In Fulton, D.D.S., v. Enclarity, Inc., No. 17-1380, 2018 WL 5726133 (6th Cir. Nov. 2, 2018), the Court of Appeals for the 6th Circuit concluded that a fax sent to the dentists’ office could constitute an “advertisement” that subjected the fax to the TCPA. Fulton alleged that the fax was a pretext to obtain both “participation in Defendants’ proprietary database” and “consent … to send additional marketing faxes to recipients”, and that the fax was “a pretext to increase awareness and use of Defendants’ proprietary database service and increase traffic to Defendants’ website.” The District Court found that the fax was not an advertisement, but the Court of Appeals for the Sixth Circuit reversed.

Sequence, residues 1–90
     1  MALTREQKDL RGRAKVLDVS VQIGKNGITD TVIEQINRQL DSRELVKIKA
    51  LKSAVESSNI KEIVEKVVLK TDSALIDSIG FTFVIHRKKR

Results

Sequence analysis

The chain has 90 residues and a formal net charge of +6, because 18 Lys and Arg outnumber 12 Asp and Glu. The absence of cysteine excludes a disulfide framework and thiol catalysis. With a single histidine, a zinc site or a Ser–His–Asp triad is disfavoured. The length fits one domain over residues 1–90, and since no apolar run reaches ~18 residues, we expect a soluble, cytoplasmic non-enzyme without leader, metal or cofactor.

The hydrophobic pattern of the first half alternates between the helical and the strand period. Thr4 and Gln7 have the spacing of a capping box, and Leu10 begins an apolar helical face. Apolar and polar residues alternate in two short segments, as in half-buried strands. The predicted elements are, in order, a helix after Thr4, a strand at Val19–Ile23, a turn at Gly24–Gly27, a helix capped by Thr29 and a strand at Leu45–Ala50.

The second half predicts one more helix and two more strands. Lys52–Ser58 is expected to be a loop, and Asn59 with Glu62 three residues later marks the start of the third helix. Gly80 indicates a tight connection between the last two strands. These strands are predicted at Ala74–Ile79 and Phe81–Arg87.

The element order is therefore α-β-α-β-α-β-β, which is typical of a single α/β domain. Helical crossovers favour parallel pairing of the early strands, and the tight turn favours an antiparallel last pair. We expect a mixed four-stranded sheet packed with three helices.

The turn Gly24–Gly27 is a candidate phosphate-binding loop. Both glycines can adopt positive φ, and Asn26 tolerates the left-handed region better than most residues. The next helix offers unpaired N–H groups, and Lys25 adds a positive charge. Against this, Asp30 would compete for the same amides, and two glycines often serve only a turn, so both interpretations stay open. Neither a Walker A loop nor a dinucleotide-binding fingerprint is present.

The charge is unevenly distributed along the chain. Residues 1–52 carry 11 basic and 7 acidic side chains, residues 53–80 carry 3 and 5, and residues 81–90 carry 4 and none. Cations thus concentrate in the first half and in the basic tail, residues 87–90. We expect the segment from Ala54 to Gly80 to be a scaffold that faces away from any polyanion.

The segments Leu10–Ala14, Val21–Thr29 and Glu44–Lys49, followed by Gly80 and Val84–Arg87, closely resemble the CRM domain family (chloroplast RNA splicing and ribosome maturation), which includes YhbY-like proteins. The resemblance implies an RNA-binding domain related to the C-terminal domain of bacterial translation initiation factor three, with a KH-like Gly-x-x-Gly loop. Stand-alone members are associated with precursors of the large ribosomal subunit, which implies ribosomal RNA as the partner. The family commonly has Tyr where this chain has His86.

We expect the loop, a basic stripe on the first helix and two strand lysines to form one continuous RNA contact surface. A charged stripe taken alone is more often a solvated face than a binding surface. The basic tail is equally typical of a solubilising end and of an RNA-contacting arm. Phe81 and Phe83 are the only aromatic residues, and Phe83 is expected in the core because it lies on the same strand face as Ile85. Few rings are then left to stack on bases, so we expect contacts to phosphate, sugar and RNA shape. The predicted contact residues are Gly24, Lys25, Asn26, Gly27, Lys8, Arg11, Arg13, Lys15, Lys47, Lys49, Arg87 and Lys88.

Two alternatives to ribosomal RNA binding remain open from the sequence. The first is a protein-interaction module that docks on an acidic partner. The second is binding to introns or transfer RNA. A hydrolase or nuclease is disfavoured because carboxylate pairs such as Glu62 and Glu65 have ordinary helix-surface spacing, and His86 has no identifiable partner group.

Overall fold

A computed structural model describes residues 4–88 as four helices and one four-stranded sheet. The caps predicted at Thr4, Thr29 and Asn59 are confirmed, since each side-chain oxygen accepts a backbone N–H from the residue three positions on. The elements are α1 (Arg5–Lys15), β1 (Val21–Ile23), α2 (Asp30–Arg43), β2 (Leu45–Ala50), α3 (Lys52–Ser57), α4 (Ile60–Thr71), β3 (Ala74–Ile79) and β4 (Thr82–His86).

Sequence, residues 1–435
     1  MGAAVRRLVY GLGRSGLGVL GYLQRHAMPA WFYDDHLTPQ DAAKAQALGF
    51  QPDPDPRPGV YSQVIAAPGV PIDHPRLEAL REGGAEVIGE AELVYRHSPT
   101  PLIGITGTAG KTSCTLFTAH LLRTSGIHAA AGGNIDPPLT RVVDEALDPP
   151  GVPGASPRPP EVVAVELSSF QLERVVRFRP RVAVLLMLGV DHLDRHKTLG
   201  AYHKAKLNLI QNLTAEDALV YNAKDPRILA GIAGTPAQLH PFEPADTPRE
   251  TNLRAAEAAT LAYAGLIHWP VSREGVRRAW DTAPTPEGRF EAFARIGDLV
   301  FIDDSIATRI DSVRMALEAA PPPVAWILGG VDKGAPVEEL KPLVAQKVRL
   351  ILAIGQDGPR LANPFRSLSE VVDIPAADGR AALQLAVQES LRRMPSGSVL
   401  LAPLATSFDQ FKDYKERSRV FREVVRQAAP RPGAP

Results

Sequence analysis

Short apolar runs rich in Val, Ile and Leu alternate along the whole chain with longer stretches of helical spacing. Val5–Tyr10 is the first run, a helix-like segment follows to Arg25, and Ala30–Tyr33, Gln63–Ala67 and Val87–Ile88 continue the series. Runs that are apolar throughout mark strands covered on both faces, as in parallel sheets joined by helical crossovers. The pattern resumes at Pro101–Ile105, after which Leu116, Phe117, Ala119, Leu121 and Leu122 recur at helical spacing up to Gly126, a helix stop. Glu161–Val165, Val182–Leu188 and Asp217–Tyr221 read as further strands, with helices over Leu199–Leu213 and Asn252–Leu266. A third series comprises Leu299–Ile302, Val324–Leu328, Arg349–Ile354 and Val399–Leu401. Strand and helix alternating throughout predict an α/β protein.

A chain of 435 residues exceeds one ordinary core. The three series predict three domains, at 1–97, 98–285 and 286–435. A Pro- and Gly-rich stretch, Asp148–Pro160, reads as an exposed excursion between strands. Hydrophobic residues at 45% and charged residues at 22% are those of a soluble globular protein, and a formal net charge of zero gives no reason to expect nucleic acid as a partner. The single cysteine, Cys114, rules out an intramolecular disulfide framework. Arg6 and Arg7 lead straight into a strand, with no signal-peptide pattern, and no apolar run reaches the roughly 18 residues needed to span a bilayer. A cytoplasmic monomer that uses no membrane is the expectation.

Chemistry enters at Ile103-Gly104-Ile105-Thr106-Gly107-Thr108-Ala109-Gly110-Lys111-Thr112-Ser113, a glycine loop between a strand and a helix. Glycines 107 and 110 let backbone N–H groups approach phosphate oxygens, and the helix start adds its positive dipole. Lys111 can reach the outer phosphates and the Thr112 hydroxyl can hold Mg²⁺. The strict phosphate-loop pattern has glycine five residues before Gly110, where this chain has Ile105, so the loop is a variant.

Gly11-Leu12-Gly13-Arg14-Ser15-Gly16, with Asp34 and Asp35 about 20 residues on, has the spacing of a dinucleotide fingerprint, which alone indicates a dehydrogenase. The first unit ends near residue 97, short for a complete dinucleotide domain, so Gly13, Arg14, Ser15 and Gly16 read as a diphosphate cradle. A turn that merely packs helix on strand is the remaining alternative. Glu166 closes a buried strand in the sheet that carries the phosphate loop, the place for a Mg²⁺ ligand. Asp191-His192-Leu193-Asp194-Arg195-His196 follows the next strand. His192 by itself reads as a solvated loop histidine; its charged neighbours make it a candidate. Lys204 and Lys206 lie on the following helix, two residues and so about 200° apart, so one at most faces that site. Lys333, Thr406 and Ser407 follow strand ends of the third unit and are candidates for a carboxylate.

Sandusky stands for the proposition that in this situation, an “ancillary, remote, and hypothetical economic benefit later on does not convert a noncommercial, informational communication into a commercial solicitation.” Id. at 225. But nowhere does Sandusky confine a court’s consideration of TCPA claims to the face of the challenged fax. To the contrary, Sandusky repeatedly surveyed “the record evidence” for proof of a financial benefit to Medco and, in so doing, went beyond the faces of the two faxes. Id.; see also id. at 222 (reviewing the record evidence). Sandusky also acknowledged that a fax could be an advertisement without overtly offering a product or service for sale, such as offers for free seminars that turn out to be pretext for a later solicitation. Id. at 225 (citing Rules and Regulations Implementing the Telephone Consumer Protection Act of 1991; Junk Fax Prevention Act of 2005, 71 Fed. Reg. 25,967, 25,973 (May 3, 2006) ). Finding a fax to be pretext for a subsequent advertising opportunity would require looking to what came after the fax. A court could not possibly resolve a claim that a fax was pretextual if it confined its evaluation to the fax itself. Sandusky thus does not entail the two requirements imposed by the district court: that the fax must propose a direct commercial transaction between the sender and the recipient and that courts are constrained to examining only the face of the fax. In contravention of such requirements, Sandusky recognizes that the fax “need not be an explicit sale offer” and that the “best ads” are sometimes not “so overt,” and then concludes that TCPA coverage is accorded where the fax is “an indirect commercial solicitation, or pretext for” such a solicitation.” Id. at 225. This understanding of the TCPA is buttressed by the text of the statute itself, which likewise lacks the requirements imposed by the district court. See 47 U.S.C. § 227. This clarification of Sandusky governs our analysis. The district court misconstrued Sandusky when it disregarded the exhibits attached to Fulton’s complaint. . . According to Fulton’s complaint, providing verified contact information paves the way for Defendants’ customers to “send additional marketing faxes to recipients.” (R. 1 at PageID 5) This allegation finds some support in the FAQs, which confirm that Defendants’ customers use the system to “invite [providers] to become part of a provider network” and “send[ ] important notifications,” among “other uses.” (R. 1-3 at PageID 37) The potential for future advertising is also implied by Defendants’ assertion that verifying contact information will “drive more business to” providers. (Id. at PageID 40) Defendants have not contested this allegation. . . The [Second Circuit’s] decision in Boehringer centered on the alleged “commercial nexus” between the free dinner offered in the fax and the defendant’s “business, i.e., its property, products, or services.” Id. at 96. According to Fulton, that same nexus exists here: The fax solicits information to verify its system of provider information, which Defendants make commercially available to other health care organizations, who may subject Fulton to future unsolicited advertising. Taking the complaint’s allegations as true and drawing all inferences in Fulton’s favor, as we must at the motion to dismiss stage, we find that Fulton has adequately alleged that the fax Fulton received was an unsolicited advertisement because it served as a commercial pretext for future advertising opportunities. Fulton has therefore stated a plausible TCPA claim under the fax-as-pretext theory. Because this conclusion is sufficient to warrant reversing and remanding the case, we need not reach Fulton’s alternative theory that the fax was an advertisement because Defendants sent it with a profit motive.